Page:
Cover page of Assessing the State of Understanding of Defense Innovation

Assessing the State of Understanding of Defense Innovation

(2018)

The central focus in this brief is to make sense of different approaches to defense innovation by determining whether there are general patterns and characteristics that offer insights into questions such as why some states are able to pursue innovation at a faster rate or more advanced level than others, and the essential ingredients for successful innovation. This brief seeks to develop an understanding of the relationship between defense innovation and military innovation, and more specifically the linkages and interaction between the defense innovation system and the military establishment.

Cover page of The Israeli Approach to Defense Innovation

The Israeli Approach to Defense Innovation

(2018)

The brief reflects on the evolution of the Israeli approach to military innovation and describes its proclivities, in order to enable comparative analysis and a more generalizable analytical framework. It first describes the structural factors that account for the Israeli fixation on the military-industrial complex and defense innovation; then it outlines the social-organizational factors, which have enabled and conditioned its realization. It concludes with an evaluation of the strengths and weaknesses of the Israeli approach and a review of recent trends.

Cover page of Critical Factors in Enabling Defense Innovation: A Systems Perspective

Critical Factors in Enabling Defense Innovation: A Systems Perspective

(2018)

This brief provides an analytical framework to identify, categorize, and assess the diverse array of factors that are involved in the pursuit of defense innovation, as viewed through an innovation ecosystem prism. Defense innovation systems are engaged in highly complex, time-consuming and resource-intensive work. Many of the insights from this framework are derived from an extensive examination into the state of innovation in the contemporary Chinese defense science, technology, andindustrial system, examined in more detail in Brief 2018-3 in this series.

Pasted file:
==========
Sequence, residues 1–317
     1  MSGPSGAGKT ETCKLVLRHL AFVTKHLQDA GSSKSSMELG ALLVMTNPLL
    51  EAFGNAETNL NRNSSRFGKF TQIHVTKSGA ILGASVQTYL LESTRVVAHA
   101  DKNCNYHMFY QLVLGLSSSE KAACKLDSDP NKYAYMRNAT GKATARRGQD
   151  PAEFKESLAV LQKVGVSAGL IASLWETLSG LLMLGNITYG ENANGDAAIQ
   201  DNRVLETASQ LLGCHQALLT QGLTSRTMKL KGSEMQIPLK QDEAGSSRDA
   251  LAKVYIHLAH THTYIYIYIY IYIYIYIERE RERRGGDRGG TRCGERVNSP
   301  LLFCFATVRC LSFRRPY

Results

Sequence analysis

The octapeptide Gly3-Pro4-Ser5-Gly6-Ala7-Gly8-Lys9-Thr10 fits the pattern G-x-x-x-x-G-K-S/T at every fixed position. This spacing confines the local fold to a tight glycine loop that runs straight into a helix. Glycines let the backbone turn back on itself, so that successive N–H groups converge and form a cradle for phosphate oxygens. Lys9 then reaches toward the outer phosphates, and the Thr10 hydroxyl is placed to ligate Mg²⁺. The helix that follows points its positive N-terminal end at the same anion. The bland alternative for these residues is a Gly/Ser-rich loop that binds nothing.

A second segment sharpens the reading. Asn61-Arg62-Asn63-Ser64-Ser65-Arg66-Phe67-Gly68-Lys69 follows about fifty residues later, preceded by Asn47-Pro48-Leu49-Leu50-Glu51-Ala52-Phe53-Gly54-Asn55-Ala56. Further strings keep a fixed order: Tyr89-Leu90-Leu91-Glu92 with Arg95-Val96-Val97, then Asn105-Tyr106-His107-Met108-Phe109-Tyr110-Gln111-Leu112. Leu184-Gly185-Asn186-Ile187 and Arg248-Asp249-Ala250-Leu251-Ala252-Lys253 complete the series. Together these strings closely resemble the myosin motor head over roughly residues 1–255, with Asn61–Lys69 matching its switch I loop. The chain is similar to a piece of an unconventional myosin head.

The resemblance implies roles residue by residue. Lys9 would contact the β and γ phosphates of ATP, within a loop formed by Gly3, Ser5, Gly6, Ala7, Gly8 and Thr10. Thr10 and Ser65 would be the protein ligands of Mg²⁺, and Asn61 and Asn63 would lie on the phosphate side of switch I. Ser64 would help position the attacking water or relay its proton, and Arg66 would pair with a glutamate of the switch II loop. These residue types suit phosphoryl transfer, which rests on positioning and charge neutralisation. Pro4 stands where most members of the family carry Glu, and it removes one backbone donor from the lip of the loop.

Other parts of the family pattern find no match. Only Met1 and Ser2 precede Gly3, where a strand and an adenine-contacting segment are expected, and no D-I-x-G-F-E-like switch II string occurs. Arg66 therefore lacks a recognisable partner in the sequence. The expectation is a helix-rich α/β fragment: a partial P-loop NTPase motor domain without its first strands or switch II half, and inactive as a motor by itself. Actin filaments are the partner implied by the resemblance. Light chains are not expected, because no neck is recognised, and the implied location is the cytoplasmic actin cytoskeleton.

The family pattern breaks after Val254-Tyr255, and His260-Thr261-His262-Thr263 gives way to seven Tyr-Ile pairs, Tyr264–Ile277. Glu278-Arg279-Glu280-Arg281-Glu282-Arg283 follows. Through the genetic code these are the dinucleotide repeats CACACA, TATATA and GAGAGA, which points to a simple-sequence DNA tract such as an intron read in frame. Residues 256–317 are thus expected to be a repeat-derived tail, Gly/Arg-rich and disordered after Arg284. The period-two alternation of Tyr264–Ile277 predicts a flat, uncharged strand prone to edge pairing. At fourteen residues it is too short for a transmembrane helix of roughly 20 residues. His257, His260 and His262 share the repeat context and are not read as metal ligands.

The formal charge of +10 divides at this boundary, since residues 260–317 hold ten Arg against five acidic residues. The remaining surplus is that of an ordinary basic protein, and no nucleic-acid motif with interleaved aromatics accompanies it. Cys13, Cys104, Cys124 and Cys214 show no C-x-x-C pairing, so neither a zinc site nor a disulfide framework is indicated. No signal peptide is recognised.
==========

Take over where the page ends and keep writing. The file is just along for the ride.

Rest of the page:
Cover page of Russian Defense Innovation in the 2010s

Russian Defense Innovation in the 2010s

(2018)

Innovation in the Russian defense industry has drawn significant international attention since Russian President Vladimir Putin’s state of the nation address of March 1, 2018. While the first part of the address covered the usual ground of planned economic policies, the second part was an extended presentation of Russian defense industry achievements. What Putin left outwas as important as what he highlighted, and provides a clear picture of Russia’s prioritization of radical over incremental innovation, sometimes to the detriment of current battlefield readiness. This research brief discusses Russia’s successes and failures in modernizing its weapons systems since 2000.

Cover page of A Quest for Autonomy and Excellence: The Defense Innovation Systems of France and Sweden

A Quest for Autonomy and Excellence: The Defense Innovation Systems of France and Sweden

(2018)

The defense innovation systems (DIS) in France and Sweden have longstanding traditions of domestic innovation and high self-reliance, but they differ greatly in how they have achieved these ambitions. France has almost complete self-reliance in defense technology and close government control of activities contributing to defense innovation and regarding the defense industry. In France, there is considerable state ownership, and foreign ownership is blocked. In contrast, Sweden has delimited its breadth of sovereign technology development since the 1990s, and now expresses three "essential security interests": fighter aircraft, underwater capability, and cyber. This research brief describes what characterizes the present defense innovation systems in these countries, discusses their similarities and differences, and points out factors that have led to their success.

Cover page of Examining India’s Defense Innovation Performance

Examining India’s Defense Innovation Performance

(2018)

India has expended a great deal of energy and resources to set up a vast defense economy to innovate and produce state-of-the-art weapon systems for use by the armed forces. However, the performance of the defense economy has been largely suboptimal, leading to poor self-reliancein arms procurement and heavy dependence on foreign sources for meeting the key defense requirements. An examination of the causes of poor performance exhibits a number of  hortcomings related to India’s both 'hard' and 'soft' innovation capacities. Inefficiency and lack of reforms of the main research and development (R&D) and manufacturing players, meager R&D and procurement budgets, poor management of human resources, lack of strong support from the political leadership, and a weak acquisition system, leave India’s defense innovation in a poor state.